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How Energy Efficient is Electric Floor Heating?

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If you’re not familiar with electric floor heating, you probably have no idea how cost effective or energy efficient it is. You might assume that because it’s a luxury upgrade that it’s expensive. Thankfully, that’s not the case. So how efficient is floor heating? In-floor heating systems are actually more economical than baseboard heaters and usually more energy efficient than forced-air systems. That’s because of the type of heat it provides and the way the heat is distributed.

Radiant floor-heating systems produce far infrared heat. It’s the same type of heat that you feel from the sun or a campfire. This heat works by warming people and objects directly instead of heating the air around them like forced-air systems do. As a result, the air temperature in a room can be lower while the people feel warmer because they are in direct contact with the floor-heating source. 

Electric floor-heating systems use electric cable to deliver heat to the flooring surface above. They typically cover the majority of the square footage in a room, leading to an even distribution of heat from the floor up. In contrast, forced-air systems feature vents that blow warm air unevenly about a room. Vents are only located in strategic positions, so they can’t possibly heat an entire room evenly. Instead, they send warm air toward the ceiling where it eventually falls toward the floor once it’s cooled a bit. If your home is equipped with a forced-air system, this is why your feet often feel cold. This also results in having to run the heating system longer in order to get the comfort you want.

Finally, radiant heat is inherently efficient because it’s not susceptible to heat loss via ductwork. Forced-air systems are known for losing some heat through leaks in the ductwork. As long as a floor-heating system is properly insulated if it needs to be (it depends on the subfloor), the heat has nowhere to escape.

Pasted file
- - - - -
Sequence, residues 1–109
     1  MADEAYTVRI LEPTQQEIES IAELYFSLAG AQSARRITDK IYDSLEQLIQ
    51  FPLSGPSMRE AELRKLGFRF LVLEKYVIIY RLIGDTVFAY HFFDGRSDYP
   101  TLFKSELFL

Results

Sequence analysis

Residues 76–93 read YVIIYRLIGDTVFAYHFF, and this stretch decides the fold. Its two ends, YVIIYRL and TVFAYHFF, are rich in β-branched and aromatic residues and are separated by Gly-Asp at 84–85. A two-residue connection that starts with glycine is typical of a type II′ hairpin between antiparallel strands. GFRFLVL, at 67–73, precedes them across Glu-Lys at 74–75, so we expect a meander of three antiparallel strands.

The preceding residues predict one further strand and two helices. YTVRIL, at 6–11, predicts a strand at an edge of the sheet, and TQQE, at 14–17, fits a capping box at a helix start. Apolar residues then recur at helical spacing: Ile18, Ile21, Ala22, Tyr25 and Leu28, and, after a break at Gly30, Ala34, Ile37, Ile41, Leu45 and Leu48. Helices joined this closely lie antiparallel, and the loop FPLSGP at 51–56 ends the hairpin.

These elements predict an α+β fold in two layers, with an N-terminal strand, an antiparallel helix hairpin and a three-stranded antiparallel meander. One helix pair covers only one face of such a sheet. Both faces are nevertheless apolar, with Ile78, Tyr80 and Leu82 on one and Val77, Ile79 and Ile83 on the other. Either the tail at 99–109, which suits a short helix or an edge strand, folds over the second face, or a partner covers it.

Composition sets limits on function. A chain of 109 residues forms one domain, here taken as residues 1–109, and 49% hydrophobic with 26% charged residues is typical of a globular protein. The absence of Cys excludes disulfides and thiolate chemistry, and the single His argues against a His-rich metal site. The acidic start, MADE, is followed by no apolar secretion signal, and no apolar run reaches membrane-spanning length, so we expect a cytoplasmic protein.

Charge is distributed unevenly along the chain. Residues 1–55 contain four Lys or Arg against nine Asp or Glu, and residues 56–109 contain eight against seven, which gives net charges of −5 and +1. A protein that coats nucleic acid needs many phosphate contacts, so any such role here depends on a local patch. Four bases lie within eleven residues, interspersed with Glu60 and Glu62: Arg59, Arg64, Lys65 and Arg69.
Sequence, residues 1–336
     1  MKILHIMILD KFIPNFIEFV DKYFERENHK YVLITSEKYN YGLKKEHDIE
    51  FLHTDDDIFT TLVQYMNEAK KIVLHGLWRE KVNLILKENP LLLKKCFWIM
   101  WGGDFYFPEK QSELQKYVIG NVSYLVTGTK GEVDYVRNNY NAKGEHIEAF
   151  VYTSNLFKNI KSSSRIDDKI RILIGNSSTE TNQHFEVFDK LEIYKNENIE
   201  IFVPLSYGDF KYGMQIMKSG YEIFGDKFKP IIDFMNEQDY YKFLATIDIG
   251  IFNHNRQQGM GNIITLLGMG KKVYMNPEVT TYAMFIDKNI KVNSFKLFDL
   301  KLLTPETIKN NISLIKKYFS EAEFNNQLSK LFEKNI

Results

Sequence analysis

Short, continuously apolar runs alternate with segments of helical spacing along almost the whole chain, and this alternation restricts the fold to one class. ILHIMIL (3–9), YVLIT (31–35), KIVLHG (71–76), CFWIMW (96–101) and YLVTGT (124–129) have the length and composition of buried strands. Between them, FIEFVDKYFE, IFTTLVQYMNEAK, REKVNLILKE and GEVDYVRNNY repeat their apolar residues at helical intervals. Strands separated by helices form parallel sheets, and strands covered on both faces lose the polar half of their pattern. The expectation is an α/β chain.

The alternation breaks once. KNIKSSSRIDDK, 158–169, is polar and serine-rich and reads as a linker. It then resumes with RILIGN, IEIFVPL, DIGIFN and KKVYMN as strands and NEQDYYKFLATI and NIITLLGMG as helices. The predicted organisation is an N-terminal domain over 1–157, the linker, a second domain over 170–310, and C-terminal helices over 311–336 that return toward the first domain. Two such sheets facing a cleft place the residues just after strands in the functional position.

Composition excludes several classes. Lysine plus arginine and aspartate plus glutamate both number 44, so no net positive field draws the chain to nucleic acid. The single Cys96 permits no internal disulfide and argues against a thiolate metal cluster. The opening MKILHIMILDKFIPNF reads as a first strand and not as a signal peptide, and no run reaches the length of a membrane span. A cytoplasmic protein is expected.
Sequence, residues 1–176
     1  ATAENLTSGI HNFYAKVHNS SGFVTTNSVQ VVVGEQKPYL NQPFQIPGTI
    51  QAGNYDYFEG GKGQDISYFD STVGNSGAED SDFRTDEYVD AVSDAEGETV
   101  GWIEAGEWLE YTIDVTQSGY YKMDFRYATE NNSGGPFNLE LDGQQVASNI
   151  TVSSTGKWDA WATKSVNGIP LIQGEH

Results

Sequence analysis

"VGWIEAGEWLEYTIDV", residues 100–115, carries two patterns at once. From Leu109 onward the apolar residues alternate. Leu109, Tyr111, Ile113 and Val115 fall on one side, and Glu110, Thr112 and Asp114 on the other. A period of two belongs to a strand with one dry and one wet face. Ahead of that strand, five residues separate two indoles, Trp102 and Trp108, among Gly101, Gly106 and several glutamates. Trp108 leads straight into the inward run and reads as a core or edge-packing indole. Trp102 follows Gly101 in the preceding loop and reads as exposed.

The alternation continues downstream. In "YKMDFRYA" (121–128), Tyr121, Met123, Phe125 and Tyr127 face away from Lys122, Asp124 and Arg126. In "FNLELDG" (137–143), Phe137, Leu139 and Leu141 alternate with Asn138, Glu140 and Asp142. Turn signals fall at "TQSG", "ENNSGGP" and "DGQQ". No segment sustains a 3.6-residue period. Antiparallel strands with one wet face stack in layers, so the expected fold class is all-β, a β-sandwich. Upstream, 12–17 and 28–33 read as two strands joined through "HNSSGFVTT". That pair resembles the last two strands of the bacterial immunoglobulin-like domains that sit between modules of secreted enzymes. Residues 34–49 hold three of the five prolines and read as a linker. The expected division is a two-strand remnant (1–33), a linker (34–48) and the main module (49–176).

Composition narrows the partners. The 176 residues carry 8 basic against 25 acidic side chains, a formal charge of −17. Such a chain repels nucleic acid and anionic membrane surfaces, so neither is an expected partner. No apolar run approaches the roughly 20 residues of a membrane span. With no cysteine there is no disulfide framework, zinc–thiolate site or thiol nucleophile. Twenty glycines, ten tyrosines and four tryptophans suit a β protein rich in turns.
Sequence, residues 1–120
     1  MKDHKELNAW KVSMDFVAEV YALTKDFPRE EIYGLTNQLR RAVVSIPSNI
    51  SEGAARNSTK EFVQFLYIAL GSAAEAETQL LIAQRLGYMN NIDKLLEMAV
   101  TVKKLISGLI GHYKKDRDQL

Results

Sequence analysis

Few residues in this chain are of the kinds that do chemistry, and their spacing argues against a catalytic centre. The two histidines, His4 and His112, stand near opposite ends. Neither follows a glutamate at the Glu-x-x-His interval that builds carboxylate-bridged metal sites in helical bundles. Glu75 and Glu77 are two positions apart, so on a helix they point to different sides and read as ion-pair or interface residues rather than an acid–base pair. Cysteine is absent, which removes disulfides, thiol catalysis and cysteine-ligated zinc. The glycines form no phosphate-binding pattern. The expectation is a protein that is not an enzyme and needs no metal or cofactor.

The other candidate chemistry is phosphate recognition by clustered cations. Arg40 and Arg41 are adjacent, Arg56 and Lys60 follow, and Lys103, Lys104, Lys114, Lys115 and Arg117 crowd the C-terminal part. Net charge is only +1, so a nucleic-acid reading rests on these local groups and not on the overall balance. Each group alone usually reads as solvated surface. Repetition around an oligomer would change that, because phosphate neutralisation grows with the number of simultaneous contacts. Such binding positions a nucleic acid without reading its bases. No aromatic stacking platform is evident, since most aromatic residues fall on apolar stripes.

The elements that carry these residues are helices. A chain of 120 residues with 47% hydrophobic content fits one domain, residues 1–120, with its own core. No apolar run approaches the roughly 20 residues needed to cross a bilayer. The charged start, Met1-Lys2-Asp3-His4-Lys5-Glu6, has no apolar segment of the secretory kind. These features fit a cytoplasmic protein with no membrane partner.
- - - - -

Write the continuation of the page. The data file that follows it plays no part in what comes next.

All of this results in a virtually 100 percent energy efficient heating source.

Floor-Heating Cost of Operation

Now we know that radiant floor heat is energy efficient, but is floor heating expensive to run? Because an electric floor-heating system is so energy efficient, it often translates to a lower utility bill. Of course, this depends on a variety of factors like how susceptible your room is to heat loss and how large the room is. But typically, it costs only pennies a day to heat a small room.

To find out how susceptible your room is to heat loss, use the WarmlyYours Heat Loss Calculator. To estimate how much it would cost to operate a floor-heating system in your particular space, use the WarmlyYours Operating Cost Calculator

And of course, you can find out how much the system itself would cost by getting a free quote. The WarmlyYours Radiant Floor Heating Quote Builder quickly and easily explains the options available and lets you decide what works best for your budget and level of expertise. 

Tell us About your Project Our team of Radiant Experts is ready to help! Just tell us a little about yourself and your project to get started.

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Very helpful ! Thank you 😊

Do you have any references to back this up. I would be interested in how much of the heat is conducted into the ground below, rather than into the house.

WarmlyYours Responds...

Thank you for the great questions. Here are some helpful resources about the energy efficiency of radiant heating from the U.S. Department of Energy: https://www.energy.gov/energysaver/home-heating-systems/radiant-heating And Scientific American: https://www.scientificamerican.com/article/underloor-radiant-heating/ Regarding your second question about how much of the heat is absorbed into the ground below the system, this is only typically an issue if you’re installing radiant heating over an uninsulated space (like a garage) or over a concrete slab. In either case, making use of an insulating underlayment can help function as a thermal break which will allow more of the energy to radiate upwards into the room instead of being lost to “heat sink” into the subfloor. Here’s a case study about the use of our CeraZorb synthetic cork insulating underlayment: http://warmlyyours.com/publications/CERAZORB-ENERGY-EFFICIENCY-REPORT-A.pdf Hope that helps!

Is it better to keep electric floor heating set at a consistent temperature around the clock or use a program to lower the temperature during times away from the house and during the night?

WarmlyYours Responds...

Generally speaking it's better to use a programmable thermostat with your floor heating system for times in which you know you'll either be away from the house or you will be sleeping. The warm-up times for electric floor heating are pretty fast so you can just set your system up to turn on slightly before you'll actually be using the floor and you'll experience no interruption of comfort while significantly cutting down on energy use.

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